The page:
Pakistan’s national carrier on grounded its 10 ATR turboprop planes on Monday after a crash last week that killed 47 people and a second aircraft reported technical issues shortly before it was supposed to take off overnight.
Pakistan International Airlines flight 661 smashed into a hillside in the country’s north while travelling from the city of Chitral to the capital Islamabad last Wednesday.
The airline has said one of the plane’s two turboprop engines failed.
Another PIA ATR faced “technical issues” late Sunday just before it was set to take off from the central city of Multan on a flight to southern Karachi and was called back to its parking bay, though the airline denied media reports that one of the engines caught fire.
The fleet would now undergo thorough testing after the two incidents, the airline said.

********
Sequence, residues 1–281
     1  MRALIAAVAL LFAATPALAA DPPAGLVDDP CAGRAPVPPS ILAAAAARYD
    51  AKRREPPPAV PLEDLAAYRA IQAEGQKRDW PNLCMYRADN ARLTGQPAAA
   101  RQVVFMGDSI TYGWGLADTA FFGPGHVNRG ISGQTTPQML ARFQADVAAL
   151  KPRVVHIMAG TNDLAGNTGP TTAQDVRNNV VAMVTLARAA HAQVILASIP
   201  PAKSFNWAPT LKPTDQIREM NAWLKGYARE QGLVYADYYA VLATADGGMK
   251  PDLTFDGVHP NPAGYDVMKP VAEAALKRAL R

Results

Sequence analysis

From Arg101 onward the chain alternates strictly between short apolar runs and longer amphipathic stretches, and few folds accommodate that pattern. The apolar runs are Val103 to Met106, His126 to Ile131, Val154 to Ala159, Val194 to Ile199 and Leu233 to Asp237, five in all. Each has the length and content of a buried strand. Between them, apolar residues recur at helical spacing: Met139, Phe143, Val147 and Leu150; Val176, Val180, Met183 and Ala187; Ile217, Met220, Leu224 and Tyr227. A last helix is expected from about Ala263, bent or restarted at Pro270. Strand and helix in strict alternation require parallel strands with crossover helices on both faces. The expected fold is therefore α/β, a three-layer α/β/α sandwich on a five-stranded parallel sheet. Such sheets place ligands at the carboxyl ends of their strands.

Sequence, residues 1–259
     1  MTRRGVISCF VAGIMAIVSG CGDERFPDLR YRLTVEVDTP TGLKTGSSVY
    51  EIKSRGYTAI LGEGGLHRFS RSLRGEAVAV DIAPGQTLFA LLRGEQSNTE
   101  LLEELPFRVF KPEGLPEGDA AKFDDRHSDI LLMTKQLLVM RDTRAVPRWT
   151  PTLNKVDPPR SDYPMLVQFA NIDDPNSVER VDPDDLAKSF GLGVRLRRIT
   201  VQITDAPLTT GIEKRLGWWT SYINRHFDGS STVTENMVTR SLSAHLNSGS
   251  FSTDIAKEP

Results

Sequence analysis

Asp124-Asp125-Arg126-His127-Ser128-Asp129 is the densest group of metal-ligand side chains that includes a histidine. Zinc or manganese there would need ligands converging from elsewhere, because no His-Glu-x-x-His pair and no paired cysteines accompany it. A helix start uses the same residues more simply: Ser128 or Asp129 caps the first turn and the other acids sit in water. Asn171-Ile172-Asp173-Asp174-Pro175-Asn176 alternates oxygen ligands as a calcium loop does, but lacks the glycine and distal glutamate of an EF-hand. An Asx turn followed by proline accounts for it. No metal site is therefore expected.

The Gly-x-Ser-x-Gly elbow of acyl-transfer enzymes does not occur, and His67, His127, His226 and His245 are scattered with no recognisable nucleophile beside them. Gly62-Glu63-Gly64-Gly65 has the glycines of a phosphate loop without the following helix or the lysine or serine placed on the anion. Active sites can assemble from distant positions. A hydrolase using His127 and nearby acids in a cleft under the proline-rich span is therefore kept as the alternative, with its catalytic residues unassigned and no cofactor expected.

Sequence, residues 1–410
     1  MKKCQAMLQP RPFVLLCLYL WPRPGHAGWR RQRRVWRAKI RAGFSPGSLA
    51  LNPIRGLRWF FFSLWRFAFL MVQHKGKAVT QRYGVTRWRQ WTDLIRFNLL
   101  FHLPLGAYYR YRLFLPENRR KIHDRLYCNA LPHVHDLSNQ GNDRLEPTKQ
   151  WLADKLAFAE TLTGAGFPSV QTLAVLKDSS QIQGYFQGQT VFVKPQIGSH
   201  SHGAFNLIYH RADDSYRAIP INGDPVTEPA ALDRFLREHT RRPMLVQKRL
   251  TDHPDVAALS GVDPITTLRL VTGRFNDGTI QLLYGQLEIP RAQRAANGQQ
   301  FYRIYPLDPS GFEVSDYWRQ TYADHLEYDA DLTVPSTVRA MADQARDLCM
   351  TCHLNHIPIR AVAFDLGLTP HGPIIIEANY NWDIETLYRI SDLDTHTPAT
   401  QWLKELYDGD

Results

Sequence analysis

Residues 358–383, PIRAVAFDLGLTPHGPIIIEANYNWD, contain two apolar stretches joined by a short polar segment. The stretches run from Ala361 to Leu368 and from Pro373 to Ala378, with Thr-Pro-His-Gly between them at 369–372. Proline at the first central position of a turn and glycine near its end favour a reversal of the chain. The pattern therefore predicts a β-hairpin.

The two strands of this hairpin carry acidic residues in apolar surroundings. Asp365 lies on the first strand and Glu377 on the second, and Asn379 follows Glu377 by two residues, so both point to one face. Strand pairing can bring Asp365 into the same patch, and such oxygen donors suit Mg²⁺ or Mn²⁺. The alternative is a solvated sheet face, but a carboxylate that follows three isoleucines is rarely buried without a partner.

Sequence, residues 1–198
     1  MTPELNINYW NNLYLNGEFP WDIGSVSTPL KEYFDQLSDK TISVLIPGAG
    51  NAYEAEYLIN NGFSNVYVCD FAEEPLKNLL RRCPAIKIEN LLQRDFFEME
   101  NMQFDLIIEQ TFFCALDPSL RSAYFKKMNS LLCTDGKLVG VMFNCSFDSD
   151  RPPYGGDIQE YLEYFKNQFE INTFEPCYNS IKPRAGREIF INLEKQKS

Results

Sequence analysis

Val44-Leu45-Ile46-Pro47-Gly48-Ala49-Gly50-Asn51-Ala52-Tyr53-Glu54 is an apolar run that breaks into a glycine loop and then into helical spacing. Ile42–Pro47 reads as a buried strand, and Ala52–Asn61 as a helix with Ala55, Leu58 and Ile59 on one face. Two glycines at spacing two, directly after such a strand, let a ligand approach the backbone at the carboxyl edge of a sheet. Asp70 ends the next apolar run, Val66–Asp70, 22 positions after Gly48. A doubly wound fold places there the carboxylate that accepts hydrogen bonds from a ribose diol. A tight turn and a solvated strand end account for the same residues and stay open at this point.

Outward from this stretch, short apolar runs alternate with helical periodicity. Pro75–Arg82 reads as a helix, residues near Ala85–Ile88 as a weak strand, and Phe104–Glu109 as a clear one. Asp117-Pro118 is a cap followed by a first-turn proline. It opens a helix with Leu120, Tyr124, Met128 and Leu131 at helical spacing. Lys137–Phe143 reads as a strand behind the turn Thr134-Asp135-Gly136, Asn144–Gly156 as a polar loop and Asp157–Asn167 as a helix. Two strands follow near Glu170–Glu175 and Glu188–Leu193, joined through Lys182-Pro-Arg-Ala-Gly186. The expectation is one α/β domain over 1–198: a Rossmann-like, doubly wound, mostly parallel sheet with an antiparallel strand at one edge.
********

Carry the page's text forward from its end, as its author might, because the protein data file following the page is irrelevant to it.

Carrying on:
“In view of Civil Aviation Authority’s decision of holding shakedown tests of PIA’s entire ATR fleet, it has been decided to keep all 10 ATR aircraft grounded till they are cleared after thorough examination,” PIA spokesman Danyal Gilani said in a statement.
ATR is a Toulouse, France-based turboprop aircraft maker and “the world leader in the market for regional aircraft up to 90 seats”, according to the company’s website.
The company was established in 1981 and is a partnership between two European aeronautics firms, the Airbus Group and Leonardo.
Its ATR 42-500 is a twin turboprop plane that carries 48 passengers in standard configuration and is capable of operations on both paved and unpaved strips. The engines are built by Pratt & Whitney Canada, a division of the US manufacturer.
ATR has so far declined to comment while Pakistani authorities investigate the causes of the crash.